This compact D-SLR offers image stabilization with every lens
By Rob Sheppard
Do you know what an obsidian dome is? Well, other than knowing that it had something to do with old volcanic activity, I didn't either. I had noticed a reference to an obsidian dome between Mammoth Lakes and June Lake, Calif., on the maps and I was curious. It turns out an obsidian dome is a huge upwelling of volcanic rock that has solidified into black, glass-like obsidian rock.
The dome near Mammoth Lakes is huge. A pine forest surrounds it so you can't easily see its dimensions. My son and I drove on U.S. Forest Service roads through the trees beside it until we found an interesting place to more closely observe the dome. Shiny obsidian cliffs rose high above us, and it looked like a great photo op.
I discovered that the new Konica Minolta Maxxum 5D was ideal for this photography. Before you think this is photo-industry hype, let me explain. A hike to the base of the cliffs didn't look too bad—until I started climbing the talus slope below. I had no idea that obsidian debris could be so slippery (it certainly makes sense, as it's like glass). The day had been long and there was no way I was going to try to climb that slope with a tripod and pack of gear. I put the Maxxum 5D and two lenses in a small fanny pack I use for hiking light. At 5.1x3.6x2.6 inches and 20.8 ounces, this camera is light and compact.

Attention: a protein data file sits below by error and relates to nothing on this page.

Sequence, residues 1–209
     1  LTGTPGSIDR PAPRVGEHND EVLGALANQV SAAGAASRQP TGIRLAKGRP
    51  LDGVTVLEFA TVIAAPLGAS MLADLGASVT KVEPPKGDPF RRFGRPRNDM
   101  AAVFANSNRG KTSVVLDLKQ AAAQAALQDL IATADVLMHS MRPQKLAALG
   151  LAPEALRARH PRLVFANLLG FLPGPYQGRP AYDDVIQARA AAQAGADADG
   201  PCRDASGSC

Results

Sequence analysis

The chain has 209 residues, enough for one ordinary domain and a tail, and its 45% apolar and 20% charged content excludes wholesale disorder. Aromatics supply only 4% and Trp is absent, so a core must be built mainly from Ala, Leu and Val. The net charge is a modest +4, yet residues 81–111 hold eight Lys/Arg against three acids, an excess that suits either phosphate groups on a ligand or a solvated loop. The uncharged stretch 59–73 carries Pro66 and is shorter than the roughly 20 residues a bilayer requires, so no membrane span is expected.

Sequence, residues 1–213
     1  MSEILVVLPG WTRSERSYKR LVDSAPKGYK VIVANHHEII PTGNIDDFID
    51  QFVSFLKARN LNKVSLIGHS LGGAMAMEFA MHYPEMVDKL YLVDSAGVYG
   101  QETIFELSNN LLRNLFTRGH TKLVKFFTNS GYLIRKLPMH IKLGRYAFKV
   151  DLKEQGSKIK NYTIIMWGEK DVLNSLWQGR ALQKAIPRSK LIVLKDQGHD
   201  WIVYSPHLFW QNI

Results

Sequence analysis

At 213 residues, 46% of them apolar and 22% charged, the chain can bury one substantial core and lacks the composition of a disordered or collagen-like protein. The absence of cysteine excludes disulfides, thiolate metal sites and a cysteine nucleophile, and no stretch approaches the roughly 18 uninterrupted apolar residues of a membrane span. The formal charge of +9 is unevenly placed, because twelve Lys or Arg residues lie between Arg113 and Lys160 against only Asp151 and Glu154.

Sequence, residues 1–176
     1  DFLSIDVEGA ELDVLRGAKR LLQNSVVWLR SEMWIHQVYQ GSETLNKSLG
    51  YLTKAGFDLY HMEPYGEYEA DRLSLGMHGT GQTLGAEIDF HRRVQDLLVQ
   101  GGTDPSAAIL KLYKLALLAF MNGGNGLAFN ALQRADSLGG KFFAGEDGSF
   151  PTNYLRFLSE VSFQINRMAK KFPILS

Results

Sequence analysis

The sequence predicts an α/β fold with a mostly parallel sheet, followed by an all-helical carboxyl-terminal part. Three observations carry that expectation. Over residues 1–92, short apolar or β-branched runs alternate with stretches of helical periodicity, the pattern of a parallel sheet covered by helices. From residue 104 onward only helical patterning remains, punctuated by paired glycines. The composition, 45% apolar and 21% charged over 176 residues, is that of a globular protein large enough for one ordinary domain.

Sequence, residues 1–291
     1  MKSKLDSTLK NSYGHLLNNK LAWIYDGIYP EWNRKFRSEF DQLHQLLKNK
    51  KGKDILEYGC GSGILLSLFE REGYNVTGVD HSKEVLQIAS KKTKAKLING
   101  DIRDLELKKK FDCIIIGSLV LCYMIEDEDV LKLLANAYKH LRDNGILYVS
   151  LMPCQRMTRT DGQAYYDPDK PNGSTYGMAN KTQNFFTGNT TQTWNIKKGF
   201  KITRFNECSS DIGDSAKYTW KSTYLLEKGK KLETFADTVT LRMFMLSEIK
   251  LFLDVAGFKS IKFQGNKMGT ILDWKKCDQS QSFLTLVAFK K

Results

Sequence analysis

It's what's included inside this camera (and its bigger sibling, the Maxxum 7D) that made it so perfect for this type of photography. The 5D has image-stabilization technology built right into the camera. I didn't need the tripod that I didn't want to carry! The camera senses movement from a handheld camera, then responds to that movement by shifting the sensor to compensate. This makes every lens you attach to the camera a stabilized lens. I got consistently sharp images, even when I had to use slow shutter speeds, because I stopped down the lens for maximum depth of field.
The Maxxum 5D's 6.1-megapixel sensor offered excellent tonal, color and noise quality. I liked my results, as well as the big 2.5-inch LCD. A definite benefit to photographers, the large LCD is one of the best trends in digital camera technology. In addition, this camera can put its settings in large type onto the back (called the Navigation Display), making it simple to use when you need to adjust those controls for serious work; you easily can read the settings in the dark, too. The display even changes to vertical when you turn the camera vertically, and you can alter the size of the text. Estimated Street Price: $799 (body only).